Key word: climate
Masses, execs meet separately to discuss their efforts to aid the environment
Thousands of protesters, from California to overseas, converged on lower Manhattan in New York City earlier this month (Sept. 21-22) in a “flood Wall Street” action, with a rallying cry to stop capitalism—described by organizers as the root cause of the crisis.
At the same time just a few blocks away, a 90-year-old museum and library dedicated to the memory of financier J.P. Morgan played host as executives from some of the most successful companies on Earth pledged to lead the way to a low-carbon future.
The gatherings were anything but ironic. They both came in advance of the United Nations’ Climate Summit and both aimed to address the impacts of climate change and how they could further the effort to curb it. As for the executives, however, there were some questions left unanswered as to how much effect corporations have on the environment and what emphasis they’re willing to put on aiding, rather than harming, the planet.
“We never try to steer the consumer,” said Tim Cook, chief executive of Apple, during the executive meeting. “We try to provide them something really, really great, that when they see it, they couldn’t live without it.”
Cook didn’t unveil a new climate solution that will have people lining up as for an iPhone 6. But he expressed faith that Apple can play a transformative role with steps like its drive for 100 percent renewable energy in its data centers. “We are transparent about what we are doing at the product level, and that will drive consumer behavior,” he said. “If you have enough companies doing that, consumers will vote with their dollars.”
CEOs assembled at the Morgan Library as part of an upbeat, corporate-oriented pep rally one day in advance of the Climate Summit, the largest gathering of heads of state to discuss climate change since the ill-fated 2009 U.N. session at Copenhagen. The Climate Week NYC gathering was organized by nonprofits that focus on the potential of business-environmental partnerships, The Climate Group and CDP, a nonprofit helping companies measure and disclose environmental impacts.
Climate Week participants sought to claim kinship with the People’s March that saw a reported 300,000 people from around the world take to New York’s streets.
U.N. Secretary Gen. Ban Ki-moon, appearing before the business group, recounted linking arms with New York Mayor Bill Di Blasio and joining the protest, the most ardent he had witnessed since pro-democracy rallies in his youth in Korea. “I hope the leaders of the world are listening to these yearnings and aspirations,” he said.
Although the Climate Week session focused mostly on win-win stories of companies adopting clean energy and efficiency, there was acknowledgement that some members of the business fraternity have been part of the carbon emissions problem.
“Let’s face it. There’s a private sector, and there’s another private sector,” said Christiana Figueres, executive secretary of the United Nations’ Framework Convention on Climate Change. “That other private sector has a coordinated voice and it’s pretty well-funded. So the fact that you’ve all come together is a huge, huge plus.”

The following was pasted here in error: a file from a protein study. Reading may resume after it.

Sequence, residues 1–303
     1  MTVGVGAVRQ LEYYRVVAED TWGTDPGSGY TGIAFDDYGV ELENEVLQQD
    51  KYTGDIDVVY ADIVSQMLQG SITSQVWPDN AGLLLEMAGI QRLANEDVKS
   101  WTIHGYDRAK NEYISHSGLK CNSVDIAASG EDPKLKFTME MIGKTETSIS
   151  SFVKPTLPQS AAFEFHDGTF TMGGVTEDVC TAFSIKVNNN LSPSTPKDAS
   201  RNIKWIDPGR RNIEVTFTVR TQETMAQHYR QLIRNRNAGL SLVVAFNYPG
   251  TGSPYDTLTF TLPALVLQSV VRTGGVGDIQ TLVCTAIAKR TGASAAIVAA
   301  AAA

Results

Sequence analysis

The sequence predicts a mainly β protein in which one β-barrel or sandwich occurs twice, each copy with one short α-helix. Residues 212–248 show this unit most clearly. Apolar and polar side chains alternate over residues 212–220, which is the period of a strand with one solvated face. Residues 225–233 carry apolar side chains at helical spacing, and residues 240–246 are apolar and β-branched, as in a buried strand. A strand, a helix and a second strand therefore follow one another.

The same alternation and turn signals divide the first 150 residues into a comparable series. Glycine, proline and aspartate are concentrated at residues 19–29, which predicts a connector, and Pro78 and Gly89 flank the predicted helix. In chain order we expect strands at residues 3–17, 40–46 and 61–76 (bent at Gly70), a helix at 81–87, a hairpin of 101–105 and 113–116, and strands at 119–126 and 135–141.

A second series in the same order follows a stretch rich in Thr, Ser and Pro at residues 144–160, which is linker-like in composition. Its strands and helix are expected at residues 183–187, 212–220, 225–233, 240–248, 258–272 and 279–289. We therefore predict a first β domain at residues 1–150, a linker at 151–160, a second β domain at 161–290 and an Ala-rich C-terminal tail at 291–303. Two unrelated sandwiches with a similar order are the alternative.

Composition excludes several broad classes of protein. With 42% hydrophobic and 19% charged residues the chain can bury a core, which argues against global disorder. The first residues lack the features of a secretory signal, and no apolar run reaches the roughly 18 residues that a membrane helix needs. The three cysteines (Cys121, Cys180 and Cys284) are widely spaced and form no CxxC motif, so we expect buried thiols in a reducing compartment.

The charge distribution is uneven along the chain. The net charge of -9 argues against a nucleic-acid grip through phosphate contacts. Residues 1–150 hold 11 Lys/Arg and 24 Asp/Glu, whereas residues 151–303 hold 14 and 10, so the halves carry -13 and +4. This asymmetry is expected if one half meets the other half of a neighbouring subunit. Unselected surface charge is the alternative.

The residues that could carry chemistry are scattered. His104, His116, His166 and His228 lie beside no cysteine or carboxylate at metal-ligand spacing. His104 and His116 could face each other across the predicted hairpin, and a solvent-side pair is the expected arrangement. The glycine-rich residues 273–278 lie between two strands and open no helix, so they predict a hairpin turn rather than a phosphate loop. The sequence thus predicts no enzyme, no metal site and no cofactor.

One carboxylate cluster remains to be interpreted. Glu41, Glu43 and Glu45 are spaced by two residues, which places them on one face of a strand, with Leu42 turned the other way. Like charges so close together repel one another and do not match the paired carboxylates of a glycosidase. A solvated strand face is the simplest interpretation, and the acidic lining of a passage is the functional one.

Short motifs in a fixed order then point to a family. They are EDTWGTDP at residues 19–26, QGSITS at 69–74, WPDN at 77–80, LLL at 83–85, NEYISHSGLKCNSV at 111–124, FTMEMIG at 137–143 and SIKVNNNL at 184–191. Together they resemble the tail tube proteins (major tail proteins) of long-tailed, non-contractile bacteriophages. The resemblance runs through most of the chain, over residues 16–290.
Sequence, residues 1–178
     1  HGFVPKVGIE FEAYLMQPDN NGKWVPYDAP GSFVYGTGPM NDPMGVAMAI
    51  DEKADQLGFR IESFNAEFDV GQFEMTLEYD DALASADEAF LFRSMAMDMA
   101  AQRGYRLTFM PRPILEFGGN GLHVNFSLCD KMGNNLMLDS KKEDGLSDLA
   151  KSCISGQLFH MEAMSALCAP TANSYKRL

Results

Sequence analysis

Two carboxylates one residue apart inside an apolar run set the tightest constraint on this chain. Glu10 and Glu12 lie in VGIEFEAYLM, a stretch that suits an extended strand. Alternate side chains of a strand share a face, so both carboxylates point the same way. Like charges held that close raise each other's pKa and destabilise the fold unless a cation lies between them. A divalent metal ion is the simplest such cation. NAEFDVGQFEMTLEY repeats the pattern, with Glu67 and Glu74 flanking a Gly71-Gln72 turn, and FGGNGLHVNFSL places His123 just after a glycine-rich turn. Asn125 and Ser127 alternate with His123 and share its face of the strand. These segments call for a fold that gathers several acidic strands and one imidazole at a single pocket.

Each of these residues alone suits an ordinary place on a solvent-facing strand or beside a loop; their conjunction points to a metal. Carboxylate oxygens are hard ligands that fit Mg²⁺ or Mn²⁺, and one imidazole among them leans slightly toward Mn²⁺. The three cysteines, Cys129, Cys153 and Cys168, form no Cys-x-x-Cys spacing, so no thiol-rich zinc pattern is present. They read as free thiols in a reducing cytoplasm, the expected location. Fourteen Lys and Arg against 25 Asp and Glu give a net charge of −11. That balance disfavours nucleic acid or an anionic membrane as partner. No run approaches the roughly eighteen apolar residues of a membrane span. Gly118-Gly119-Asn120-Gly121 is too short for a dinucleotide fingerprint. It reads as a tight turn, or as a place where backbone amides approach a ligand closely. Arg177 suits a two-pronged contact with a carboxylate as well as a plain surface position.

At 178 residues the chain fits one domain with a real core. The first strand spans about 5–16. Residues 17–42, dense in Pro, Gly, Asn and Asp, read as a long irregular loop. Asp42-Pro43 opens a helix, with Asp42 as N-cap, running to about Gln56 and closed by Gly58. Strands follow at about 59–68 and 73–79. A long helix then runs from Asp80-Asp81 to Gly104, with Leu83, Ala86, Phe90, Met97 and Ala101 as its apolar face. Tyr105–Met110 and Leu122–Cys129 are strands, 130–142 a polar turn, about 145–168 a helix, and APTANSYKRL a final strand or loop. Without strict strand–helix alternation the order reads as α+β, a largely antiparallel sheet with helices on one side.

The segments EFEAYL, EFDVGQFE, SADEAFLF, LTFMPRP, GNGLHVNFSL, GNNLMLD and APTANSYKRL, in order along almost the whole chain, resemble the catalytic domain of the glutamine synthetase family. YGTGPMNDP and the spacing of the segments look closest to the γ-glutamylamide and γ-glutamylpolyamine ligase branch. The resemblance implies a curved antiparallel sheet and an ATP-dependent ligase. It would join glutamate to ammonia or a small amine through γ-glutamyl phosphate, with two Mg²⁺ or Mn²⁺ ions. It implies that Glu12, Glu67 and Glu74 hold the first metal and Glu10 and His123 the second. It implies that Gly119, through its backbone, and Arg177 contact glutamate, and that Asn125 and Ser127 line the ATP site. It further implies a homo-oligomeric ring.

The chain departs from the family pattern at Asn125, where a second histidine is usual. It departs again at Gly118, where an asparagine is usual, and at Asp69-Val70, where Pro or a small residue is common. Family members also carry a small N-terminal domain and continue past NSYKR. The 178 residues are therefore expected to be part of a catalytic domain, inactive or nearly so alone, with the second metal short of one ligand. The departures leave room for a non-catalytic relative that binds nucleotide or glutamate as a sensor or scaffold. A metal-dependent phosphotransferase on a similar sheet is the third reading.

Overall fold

Figueres said the People’s March was “a very, very fervent call” for action. “Today, the message coming from you,” she said, addressing the business leaders, “is that we can address climate change. We have the ingenuity.
“Tomorrow my expectation is that governments will step up and answer,” she added.
World Bank President Jim Young Kim appeared at the corporate session to announce the formation of a new Carbon Pricing Leadership Coalition, with 73 national and 11 regional governments and more than 1,000 companies and investors that support putting a price on carbon. And a group of businesses—including IKEA, Swiss Re, Formula E, H&M, Mars, Nestlé, and Philips—announced the launch of an initiative to get 100 of the world’s biggest companies to commit by 2020 to using 100 percent renewable power.
Much like the Climate Summit itself, Climate Week was mostly talk and not a lot of action. In an acknowledgement that voluntary action by companies will not be enough, some of the executives noted that the biggest stumbling block they face in this drive is the lack of clear regulatory guidance.
Steve Howard, chief sustainability officer of the IKEA Group, said wavering government commitment on clean energy has held up or halted “screwdriver-ready projects” on renewable energy.
“We know where the wind is, we know where the sun is. The technology is extremely predictable. We know how to get the projects done,” he said. “The only uncertainty we face is policy uncertainty.”
Secretary of State John Kerry, who delivered the keynote address at the daylong session, said that one of the greatest frustrations in the international talks is the failure by governments to see the economic benefits of action.
“Think of the jobs that could be created,” he said. The energy economy is “the mother of all markets.”
Robert Rubin, the former Goldman Sachs executive who served as U.S. Treasury Secretary during the Clinton administration, told the gathering that he believes that one reason for national and international inaction is that economic reports and projects fail to incorporate the profound impacts and potential impacts of climate change.
Government fiscal projections should be including climate change impacts, he said. He called for development of a “parallel GDP” that incorporates the projected irreversible and cumulative impact that buildup of greenhouse gas can have on the planet and economic output.
“The nonlinearity of the risks is what has most troubled me,” he said. “These are risks we cannot put off. We absolutely must act now.”